4. Beinn a'Bhuird

The bealach between Ben Avon and Beinn a'Bhuird

From the Ben Avon's summit, return south-west and back down to 'The Sneck' between Ben Avon and Beinn a'Bhuird.

Follow a worn path heading west up some scree, zig-zagging on the way. Higher up the ground levels, becomes grass covered and then it's not too obvious as to what direction to aim - in mist this next section will be navigationally testing !

Keeping to the left (south) of Cnap a Chleirich the minor top ahead, hike in a generally westward direction for around 1km.

Beinn a'Bhuird's North Top begins to come into view, cross a small burn and continue over pathless grassy ground to the tiny cairn on the broad and vast summit. Due to the large flat area here, you'll have to walk a few yards from the cairn to get the best views !

5. Beinn a'Chaorainn

Beinn a'Chaorainn's summit cairn with Ben Macdui beyond

From Beinn a' Bhuirid's North Top, it's actually quite difficult to pick out Beinn a'Chaorainn in the view westwards, as Beinn Mheadhoin, Cairngorm and Bynack Mor all tower above this apparently insignificant Munro.

Aim due west from Beinn a'Bhuird's summit cairn for 1km over heather and down occasional short steep bouldery sections. The ground flattens and an occasional and indistinct path can be picked up. Continuing west, pass some lochans , cross a burn and aim directly over heather then boulders up Beinn a'Chaorainn.

If you fancy a slight de-tour then Beinn a'Chaorainn Beag and its lochans are worth a visit.

There's a large cairn on Beinn a'Chaorainn's summit from where fine views are to had on clear days to the surrounding higher peaks.

6. Beinn Bhreac

Beinn Bhreac from Beinn a' Chaorainn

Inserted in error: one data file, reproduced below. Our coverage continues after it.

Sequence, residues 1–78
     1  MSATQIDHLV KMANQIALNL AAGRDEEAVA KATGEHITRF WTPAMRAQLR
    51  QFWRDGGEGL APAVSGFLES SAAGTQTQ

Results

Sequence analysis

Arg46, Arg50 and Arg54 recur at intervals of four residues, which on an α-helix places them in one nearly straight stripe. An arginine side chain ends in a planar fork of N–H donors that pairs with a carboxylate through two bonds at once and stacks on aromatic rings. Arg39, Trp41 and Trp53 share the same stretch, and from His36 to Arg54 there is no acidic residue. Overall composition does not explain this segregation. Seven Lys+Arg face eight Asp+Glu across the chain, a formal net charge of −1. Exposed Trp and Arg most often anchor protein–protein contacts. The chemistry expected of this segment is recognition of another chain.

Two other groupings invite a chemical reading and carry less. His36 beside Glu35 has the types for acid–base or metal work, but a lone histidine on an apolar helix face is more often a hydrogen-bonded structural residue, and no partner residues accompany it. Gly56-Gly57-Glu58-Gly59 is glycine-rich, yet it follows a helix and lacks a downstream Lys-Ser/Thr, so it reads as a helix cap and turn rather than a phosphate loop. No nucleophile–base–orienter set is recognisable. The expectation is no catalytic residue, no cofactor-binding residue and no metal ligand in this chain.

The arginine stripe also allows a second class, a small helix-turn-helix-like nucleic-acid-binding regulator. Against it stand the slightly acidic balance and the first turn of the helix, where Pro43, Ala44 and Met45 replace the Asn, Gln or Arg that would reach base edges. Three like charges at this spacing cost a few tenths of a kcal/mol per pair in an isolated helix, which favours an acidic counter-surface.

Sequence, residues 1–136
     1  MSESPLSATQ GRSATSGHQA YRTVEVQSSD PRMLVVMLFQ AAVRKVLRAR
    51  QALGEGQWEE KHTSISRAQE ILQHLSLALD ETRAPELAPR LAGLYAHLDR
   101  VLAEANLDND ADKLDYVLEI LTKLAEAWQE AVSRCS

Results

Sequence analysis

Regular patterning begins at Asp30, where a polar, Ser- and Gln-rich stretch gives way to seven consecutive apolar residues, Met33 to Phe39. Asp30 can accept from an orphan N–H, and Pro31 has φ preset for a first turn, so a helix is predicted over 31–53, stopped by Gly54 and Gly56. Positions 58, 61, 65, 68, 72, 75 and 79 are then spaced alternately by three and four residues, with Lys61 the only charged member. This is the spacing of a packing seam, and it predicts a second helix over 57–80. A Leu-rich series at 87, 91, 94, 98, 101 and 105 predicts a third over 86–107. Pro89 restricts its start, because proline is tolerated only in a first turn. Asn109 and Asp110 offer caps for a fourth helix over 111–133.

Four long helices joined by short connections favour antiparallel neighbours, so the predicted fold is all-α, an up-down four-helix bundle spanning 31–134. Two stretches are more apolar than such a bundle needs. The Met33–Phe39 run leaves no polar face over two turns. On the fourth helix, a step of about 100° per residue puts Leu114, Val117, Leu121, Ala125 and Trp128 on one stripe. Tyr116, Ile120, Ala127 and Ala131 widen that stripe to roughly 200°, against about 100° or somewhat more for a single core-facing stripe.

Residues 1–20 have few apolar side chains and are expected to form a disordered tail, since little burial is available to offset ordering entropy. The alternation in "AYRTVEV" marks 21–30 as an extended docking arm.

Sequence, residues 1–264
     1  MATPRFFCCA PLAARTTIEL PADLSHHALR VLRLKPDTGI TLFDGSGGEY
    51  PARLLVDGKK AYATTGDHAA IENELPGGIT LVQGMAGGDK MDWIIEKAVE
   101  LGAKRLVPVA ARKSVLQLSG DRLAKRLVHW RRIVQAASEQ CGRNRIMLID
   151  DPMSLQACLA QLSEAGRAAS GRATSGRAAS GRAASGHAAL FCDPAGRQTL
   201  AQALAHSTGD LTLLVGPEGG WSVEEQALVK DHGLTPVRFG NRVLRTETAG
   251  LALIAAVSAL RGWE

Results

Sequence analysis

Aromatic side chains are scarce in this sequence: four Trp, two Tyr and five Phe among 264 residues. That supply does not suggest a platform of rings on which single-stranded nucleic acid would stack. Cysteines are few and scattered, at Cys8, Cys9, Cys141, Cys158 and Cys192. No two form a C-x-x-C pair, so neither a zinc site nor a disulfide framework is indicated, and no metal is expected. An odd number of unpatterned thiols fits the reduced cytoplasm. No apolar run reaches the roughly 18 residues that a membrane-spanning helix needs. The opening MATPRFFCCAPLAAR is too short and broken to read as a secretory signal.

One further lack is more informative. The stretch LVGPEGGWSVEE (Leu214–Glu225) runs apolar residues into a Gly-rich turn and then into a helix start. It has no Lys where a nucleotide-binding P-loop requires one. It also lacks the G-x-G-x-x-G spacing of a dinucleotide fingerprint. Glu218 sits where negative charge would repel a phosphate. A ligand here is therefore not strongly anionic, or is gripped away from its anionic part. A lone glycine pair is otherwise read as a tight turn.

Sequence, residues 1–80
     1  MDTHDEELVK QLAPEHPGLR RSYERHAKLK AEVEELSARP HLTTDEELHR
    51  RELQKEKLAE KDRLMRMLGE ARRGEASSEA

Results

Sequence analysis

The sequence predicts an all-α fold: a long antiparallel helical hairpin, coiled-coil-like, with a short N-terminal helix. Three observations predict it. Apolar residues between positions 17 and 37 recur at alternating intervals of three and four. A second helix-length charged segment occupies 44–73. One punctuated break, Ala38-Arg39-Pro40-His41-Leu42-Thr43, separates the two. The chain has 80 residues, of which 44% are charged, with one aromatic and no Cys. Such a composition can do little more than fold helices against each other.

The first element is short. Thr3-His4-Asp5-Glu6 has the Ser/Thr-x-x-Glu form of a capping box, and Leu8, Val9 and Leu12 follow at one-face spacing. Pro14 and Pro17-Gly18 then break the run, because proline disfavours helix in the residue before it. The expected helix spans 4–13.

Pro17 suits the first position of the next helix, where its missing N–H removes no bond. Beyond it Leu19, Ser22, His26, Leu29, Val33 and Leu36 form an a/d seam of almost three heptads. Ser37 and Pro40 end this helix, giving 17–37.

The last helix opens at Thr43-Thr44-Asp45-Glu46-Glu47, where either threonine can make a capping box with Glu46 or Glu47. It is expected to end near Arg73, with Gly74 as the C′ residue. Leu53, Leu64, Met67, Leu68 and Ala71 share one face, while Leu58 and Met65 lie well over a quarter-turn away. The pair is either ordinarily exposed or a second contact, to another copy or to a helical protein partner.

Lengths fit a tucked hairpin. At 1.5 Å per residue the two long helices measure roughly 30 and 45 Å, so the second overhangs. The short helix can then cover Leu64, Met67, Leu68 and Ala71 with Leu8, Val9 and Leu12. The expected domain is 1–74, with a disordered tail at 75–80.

Just 5km of grass-covered moorland separates Beinn a'Chaorainn from Beinn Bhreac, but can feel a bit of a tedious slog !

Initially on a worn path through scree, descent from Beinn a'Chaorainn's cairn, aiming southwards. As the path becomes more indistinct, begin turning west-south-west and drop to the flat Moine Bhealaidh.

The terrain now grassy, is interspersed with occasional wet peat hags and burns that can be rough underfoot, testing ankles. Beyond the peat hags, you should be able to trace a faint path to follow southwards.

As this path begins uphill, it becomes more obvious and ends up on the stoney ground between the two tops on Beinn Bhreac. Turn east over a minor rise to reach the cairn on Beinn Bhreac's main summit . Nice views south !

7. Return to Linn of Dee

Descending Beinn Bhreac into Glen Quoich

Heather clads the ground south of Beinn Bhreac and it's steep initially too ! Persist and you'll descend into a lovely Caledonian Scots Pine forest, following the Allt an Dubh-ghlinne back to your bike .

Rather than aiming directly down to Glen Quoich, an alternative route climbs over Meall an Lundain and although there's a bit of ascent, it's easier than the direct ascent, particularly when legs are becoming tired towards the end of a long hike. So from Beinn Bhreac's summit, aim south-west-south to a narrow gap, then climb lighty heather covered ground up Meall an Lundain . From this hill, turn east-south-east, downhill, then follow the edge of a felled forest down to Quoich Water .

Pick up your bike and enjoy the cycle back to Linn of Quoich.

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Steven Fallon